Our best ‘why’ is: because Jesus healed and fed and forgave, we are also called to heal and feed and forgive. Because God first loved us, we are called to love. Because in Christ, God has given so much, we are called to give as well. Now, I know it is Labor Day weekend, and NOBODY is thinking about Christmas yet, (you didn’t see that coming, did you!) but I am telling you, NOW is the time to be thinking about Christmas. Not about Christmas shopping, mind you, but about “Christmas NOT-shopping.” Giving gifts is a wonderful thing. Selecting just the right thing that will improve the life of the person who will receive it is a powerful opportunity. That is hard to do though, in a society where most of us have everything we need. Tell me if you have ever wandered through the stores with no plan or idea, and finally just bought something for your loved one or friend because it was there and you had to buy them something. (Look for raised hands.) None of you? Only me? OK, I thought I wouldn’t be the only one.

So now is the time to talk to your people. Have the discussion about your stuff. Have the conversation about having enough, or too much, and others not having nearly what they need. Consider a different kind of Christmas this year. Consider making a special donation during Advent to a charity of your choice to benefit those who are in need. I can help you with plenty of suggestions. How about Third Avenue Charitable Organization, better known as TACO, feeding and healing the homeless and the at risk downtown. Or how about Agape House, the Lutheran – Episcopal Campus Ministry at San Diego State working on the issues of student hunger and homelessness. Or how about a donation to Lutheran World Relief or Lutheran Disaster Relief… both worthy causes, doing the work of Jesus. Any of them or any of dozens of others would work. You get the idea. Talk with your people now, and decide to send a donation equal to what you would have spent if you would have exchanged presents. Or if you have children, even young children, invite them to pick out a toy they would like to give to a child who doesn’t have toys. We will have a family from El Nido to donate to, or Toys for Tots, or a Teddy Bear for a child with Leukemia through the Leukemia and Lymphoma Society.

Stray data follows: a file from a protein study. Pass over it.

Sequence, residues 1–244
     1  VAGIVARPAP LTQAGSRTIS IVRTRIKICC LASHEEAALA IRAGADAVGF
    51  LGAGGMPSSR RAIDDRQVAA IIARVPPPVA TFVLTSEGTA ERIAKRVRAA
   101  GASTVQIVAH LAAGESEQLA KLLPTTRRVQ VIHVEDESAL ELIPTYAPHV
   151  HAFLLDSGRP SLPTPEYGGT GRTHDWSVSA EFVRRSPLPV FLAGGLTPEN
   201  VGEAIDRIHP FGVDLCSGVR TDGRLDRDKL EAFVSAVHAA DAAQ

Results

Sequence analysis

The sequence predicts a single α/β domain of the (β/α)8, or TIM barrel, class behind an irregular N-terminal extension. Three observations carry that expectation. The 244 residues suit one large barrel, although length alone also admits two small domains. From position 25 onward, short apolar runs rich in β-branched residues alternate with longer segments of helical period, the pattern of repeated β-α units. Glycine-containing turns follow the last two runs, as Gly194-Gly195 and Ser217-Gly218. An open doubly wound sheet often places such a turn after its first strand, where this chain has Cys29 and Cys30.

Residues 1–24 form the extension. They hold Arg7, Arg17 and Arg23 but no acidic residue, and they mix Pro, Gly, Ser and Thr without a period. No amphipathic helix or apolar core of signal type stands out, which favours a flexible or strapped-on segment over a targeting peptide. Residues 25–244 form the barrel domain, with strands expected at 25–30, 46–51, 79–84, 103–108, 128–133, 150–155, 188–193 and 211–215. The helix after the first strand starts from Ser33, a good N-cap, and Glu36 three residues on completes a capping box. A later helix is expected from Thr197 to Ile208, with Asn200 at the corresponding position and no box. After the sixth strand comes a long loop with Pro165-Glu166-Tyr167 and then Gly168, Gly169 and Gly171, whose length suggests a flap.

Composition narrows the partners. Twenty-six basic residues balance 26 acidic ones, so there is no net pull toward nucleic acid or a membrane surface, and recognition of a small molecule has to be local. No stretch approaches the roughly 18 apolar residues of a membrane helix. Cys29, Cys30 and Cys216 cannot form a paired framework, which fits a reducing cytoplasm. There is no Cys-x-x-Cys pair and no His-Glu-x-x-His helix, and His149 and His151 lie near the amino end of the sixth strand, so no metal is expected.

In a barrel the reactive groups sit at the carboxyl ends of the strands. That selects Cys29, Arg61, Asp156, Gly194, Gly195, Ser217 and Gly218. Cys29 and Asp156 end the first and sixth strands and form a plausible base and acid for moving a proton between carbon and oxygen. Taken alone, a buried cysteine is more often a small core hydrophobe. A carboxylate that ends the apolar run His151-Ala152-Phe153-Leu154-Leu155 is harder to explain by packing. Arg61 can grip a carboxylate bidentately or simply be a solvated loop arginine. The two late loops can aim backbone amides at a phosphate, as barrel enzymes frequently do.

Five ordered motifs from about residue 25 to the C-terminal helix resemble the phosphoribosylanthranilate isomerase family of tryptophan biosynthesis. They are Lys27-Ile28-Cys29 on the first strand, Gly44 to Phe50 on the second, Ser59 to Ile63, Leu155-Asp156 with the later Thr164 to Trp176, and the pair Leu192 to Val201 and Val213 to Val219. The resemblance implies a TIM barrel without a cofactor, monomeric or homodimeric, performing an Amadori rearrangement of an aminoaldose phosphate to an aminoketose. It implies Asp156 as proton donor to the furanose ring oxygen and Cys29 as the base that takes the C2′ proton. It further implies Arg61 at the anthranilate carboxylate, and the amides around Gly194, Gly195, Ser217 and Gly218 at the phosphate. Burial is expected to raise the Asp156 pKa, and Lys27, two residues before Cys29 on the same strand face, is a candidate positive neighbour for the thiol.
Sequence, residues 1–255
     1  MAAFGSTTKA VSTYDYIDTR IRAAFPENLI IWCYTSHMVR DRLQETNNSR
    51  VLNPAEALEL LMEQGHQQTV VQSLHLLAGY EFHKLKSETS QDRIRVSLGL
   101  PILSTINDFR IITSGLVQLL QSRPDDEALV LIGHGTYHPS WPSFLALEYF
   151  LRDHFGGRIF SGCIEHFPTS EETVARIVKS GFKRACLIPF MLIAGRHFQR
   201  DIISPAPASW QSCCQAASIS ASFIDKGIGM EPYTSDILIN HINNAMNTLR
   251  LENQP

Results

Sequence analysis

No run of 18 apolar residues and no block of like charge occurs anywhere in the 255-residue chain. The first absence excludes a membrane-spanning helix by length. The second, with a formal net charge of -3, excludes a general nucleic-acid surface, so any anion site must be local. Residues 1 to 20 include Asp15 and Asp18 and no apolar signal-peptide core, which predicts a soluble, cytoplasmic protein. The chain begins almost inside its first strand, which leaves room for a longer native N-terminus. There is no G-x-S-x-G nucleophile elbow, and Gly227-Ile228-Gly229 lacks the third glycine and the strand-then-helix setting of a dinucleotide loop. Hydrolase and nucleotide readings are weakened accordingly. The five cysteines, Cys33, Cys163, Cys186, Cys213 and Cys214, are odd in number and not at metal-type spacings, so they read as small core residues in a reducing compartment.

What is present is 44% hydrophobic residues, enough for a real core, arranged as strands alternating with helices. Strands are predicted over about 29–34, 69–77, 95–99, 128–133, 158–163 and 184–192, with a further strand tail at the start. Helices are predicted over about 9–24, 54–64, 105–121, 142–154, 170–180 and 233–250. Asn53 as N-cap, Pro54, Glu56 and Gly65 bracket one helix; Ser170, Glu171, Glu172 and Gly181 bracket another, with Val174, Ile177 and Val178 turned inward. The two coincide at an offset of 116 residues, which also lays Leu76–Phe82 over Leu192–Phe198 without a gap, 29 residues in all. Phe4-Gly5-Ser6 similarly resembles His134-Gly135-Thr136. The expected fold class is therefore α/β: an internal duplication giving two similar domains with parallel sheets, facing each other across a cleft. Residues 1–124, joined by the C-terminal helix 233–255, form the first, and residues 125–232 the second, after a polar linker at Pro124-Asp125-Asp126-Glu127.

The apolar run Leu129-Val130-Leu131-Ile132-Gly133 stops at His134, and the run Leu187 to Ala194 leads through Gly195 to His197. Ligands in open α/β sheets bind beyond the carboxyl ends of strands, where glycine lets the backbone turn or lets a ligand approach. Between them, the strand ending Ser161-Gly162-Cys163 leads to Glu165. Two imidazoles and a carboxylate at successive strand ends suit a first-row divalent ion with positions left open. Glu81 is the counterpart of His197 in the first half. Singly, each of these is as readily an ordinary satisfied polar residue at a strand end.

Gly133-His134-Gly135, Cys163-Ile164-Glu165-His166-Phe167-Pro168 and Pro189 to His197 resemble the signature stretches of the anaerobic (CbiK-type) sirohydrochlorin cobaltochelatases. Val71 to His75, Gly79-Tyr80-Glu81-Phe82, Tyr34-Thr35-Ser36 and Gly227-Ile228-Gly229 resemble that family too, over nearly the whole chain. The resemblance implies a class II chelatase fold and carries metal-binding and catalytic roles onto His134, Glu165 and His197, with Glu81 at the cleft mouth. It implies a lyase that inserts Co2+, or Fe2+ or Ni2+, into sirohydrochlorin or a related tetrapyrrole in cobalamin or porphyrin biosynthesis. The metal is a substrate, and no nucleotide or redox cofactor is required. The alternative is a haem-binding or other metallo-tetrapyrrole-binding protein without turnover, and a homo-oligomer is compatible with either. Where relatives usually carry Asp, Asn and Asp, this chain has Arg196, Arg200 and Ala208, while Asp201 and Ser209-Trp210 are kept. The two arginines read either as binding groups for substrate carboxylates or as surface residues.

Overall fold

Having resistance to this idea? Think your people won’t go for it? Check your motives. Ask anyway. Maybe they won’t go for it this year. What can you do on your own this year if they won’t? Maybe they will by next year. Now is the time to think about these things.

Giving and forgiving are the best responses to the gift of God in Christ Jesus.

Holy God, come into our hearts and increase our faith. Inspire us in serving your people and being the church for the good of the world. In Jesus’ name we pray. Amen.

Scripture quotations are from the New Revised Standard Version Bible, copyright 1989, Division of Christian Education of the National Council of the Churches of Christ in the United States of America. Used by permission. All rights reserved.